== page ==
While planning for winters grazing program, factor into the equation that the quality of the grass may not be at the level the West Central Texas rancher may be accustomed to. Excellent moisture in late winter-spring and early summer provided excellent-rapid growth. This rapid growth may have produced forage that is not of high quality, resulting in a protein deficient feed source for livestock. (Some of the weaning weights are reflecting this, as the weights are not what was expected.) Without fall rains to ‘freshen’ the summer grasses we could be in for a tough winter. Of course, if the cool season perennials have been cared for, late fall and winter moisture can be an excellent ‘supplement’ to the mature summer grasses.
Proper care of cool season perennials is just as important as care for the warm season ones (At least in the area that I work in.) We can’t make it rain. We can only prepare for the possibility that it might not. Then when it does rain, proper grazing management can assist in quickly moving forward the grazing-livestock program.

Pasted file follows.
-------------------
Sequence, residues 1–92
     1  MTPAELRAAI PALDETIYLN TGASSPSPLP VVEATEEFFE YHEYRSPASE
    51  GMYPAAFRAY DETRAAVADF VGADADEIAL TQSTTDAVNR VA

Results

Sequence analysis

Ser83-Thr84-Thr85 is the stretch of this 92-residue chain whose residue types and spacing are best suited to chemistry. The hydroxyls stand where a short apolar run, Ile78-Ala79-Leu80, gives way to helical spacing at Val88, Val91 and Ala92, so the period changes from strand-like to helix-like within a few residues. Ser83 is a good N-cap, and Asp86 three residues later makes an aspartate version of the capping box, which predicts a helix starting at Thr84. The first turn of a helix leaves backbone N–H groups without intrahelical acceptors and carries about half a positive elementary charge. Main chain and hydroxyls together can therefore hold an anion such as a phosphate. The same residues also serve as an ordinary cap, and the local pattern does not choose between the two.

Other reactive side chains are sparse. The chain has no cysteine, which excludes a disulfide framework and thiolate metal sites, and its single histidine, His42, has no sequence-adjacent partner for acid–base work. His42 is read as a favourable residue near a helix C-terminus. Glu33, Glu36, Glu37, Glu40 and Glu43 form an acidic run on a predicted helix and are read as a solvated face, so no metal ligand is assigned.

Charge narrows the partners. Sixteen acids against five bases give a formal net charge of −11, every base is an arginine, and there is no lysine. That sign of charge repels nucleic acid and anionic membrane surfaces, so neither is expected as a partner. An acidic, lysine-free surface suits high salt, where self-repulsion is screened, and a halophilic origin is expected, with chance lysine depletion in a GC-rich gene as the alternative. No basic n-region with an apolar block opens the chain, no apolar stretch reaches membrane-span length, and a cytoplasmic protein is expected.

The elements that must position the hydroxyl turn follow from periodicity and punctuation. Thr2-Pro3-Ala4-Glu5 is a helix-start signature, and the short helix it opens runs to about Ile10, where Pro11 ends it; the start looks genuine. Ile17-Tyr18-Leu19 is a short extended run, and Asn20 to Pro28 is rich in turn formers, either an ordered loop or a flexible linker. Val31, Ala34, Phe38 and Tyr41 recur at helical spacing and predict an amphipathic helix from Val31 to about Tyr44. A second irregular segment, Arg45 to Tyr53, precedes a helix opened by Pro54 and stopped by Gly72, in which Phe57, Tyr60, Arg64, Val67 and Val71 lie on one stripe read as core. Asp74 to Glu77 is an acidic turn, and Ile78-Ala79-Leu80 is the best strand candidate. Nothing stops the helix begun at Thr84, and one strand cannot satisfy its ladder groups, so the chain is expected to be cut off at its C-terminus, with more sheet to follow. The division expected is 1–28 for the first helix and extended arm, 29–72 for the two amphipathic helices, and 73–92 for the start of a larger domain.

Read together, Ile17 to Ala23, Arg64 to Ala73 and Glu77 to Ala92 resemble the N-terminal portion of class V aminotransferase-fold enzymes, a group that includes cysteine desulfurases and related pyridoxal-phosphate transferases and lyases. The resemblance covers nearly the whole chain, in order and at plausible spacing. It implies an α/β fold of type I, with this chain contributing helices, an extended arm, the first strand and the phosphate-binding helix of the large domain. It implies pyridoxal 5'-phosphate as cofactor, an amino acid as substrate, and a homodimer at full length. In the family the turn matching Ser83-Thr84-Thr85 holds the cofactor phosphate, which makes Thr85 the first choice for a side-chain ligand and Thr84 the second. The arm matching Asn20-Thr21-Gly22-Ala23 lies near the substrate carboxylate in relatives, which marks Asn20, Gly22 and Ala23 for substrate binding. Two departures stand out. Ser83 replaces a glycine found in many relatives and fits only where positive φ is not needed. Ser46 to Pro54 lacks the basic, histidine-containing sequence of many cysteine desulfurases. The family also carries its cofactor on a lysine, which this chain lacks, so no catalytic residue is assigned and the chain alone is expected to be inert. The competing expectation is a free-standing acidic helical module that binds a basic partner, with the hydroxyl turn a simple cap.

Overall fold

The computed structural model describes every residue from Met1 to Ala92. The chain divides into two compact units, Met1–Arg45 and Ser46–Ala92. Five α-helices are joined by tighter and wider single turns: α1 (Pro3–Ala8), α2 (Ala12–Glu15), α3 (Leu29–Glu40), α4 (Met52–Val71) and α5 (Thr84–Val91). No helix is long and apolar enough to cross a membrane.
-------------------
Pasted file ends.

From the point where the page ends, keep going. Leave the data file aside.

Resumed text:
The Big Blue pictured here has struggled with the lack of summer moisture this year as all plants have. It has produced very little seed and shows lack of vigor, as does the Indian Grass at the top portion of the picture. (Will have to zoom in to see it.) However, it is exciting to see that those two grasses have produced some regrowth from the late spring grazing, most other grasses have been in a brown-dormant state all summer. Take note that this picture is on a rocky hill side, Big Blue and Indian are adaptable to many range sites, not just the deep soiled areas. In fact, it has been my observation that the shallow-rocky sites are the first to reveal these two ‘ice-cream’ plants.